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I'm Nittai Malchin, a senior at Palo Alto High School in CA and the founder of One Love Advocates. Our mission is to do whatever possible to improve access to education in communities that are struggling with destructive or endemic problems. My immediate focus is helping kids in Haiti gain access to educational opportunities. I recently traveled to Haiti, and I will be documenting my trip on this site. There are 4 sections (see navigation above) to my mini site: (1) my blog where i document my activities, impressions and thoughts from Haiti (2) About One Love where you can read more about the initiative (3) Support One Love where you can learn how to get involved, donate or help (4) contact info. And on the right sidebar you will find more info such as links to other sites, feeds, photos, videos, and ways to contact me or share One Love with others. Also, check out the cool toolbar on the bottom of your screen to see our videos, photos, and Facebook page, for translations, and more. Thank you for visiting and feel free to share your thoughts.

Wednesday, May 5, 2010

Maintaining High Spirits Through Song



Hey everybody sorry about the delay with the post... Things have been pretty crazy at school and stuff (with AP Tests, SATs, finals coming up, etc...) so it's been a bit tough to find time. Anyhow, here's a video of a local choir singing to us at John Engle's house. They came on our second day in Haiti (Sunday) after going to church. Alex led a practice lesson with them for about half an hour before the actual "concert" that they put on for us.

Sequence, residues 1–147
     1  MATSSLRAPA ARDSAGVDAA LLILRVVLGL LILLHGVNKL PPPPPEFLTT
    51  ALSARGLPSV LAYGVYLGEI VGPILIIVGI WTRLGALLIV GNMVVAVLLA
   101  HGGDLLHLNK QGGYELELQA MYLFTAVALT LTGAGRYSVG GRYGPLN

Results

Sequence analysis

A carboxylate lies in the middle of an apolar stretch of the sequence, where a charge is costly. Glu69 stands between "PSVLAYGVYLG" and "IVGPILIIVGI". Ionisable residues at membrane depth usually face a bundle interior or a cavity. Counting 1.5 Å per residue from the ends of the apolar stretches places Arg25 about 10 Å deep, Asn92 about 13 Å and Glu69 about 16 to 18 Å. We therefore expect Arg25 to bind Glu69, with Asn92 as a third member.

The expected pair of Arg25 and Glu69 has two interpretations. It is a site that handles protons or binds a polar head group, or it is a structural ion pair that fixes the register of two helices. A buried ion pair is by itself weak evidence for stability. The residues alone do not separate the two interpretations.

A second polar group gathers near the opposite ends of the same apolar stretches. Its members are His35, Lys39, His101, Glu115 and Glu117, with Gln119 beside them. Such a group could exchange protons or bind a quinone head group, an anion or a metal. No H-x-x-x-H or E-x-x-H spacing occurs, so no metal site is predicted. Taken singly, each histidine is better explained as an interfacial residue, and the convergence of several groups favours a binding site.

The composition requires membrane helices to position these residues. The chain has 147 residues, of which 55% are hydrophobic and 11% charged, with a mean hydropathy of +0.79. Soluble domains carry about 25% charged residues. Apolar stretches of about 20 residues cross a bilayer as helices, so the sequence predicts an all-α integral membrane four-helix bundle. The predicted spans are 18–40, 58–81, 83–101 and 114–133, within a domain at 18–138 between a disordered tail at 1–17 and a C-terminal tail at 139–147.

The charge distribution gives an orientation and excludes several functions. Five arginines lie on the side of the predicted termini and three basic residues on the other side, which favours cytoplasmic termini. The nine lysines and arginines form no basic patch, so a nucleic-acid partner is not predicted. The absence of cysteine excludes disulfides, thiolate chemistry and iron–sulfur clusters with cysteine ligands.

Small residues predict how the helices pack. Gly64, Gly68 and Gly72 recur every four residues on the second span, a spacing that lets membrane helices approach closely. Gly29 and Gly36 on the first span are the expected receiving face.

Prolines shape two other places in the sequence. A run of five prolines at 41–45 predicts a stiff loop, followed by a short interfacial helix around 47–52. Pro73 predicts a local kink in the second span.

They sang us several different songs, mostly in Creole, and performed a couple different dances as well. This song, titled "Mwen se Ayiti" (I am Haiti), was the first of 4 or 5 songs that they sang for us (we'll upload them within the next few weeks). The children were all kind and gentle, and played around with us for a while after their songs/dances. They have one special trick using a Bongo drum that no matter how many times I tried, I couldn't do it. Right after hitting the drum, they would slide one of their fingers across the surface and create this unique sound. My troubles proved to be a great source of laughter for them =). It was an awesome window into their culture as we were able to witness and experience some of their traditional songs and dances: among the only things that they were able to maintain following the earthquake.

As you all know, countless people lost everything: family, friends, houses, possessions, and more. However, the earthquake was unable to take the Haitian culture away from its people. These songs and dances that we witnessed were among the many instances throughout our trip that we observed the perseverance and resilience of the Haitian people. Despite their intense hardship, they kept their song, and in turn, kept their high spirits.

They love their country, and as said in another one of their songs, "even though the earth shook and the mountains split, we still stand in hope, Haiti hasn't perished".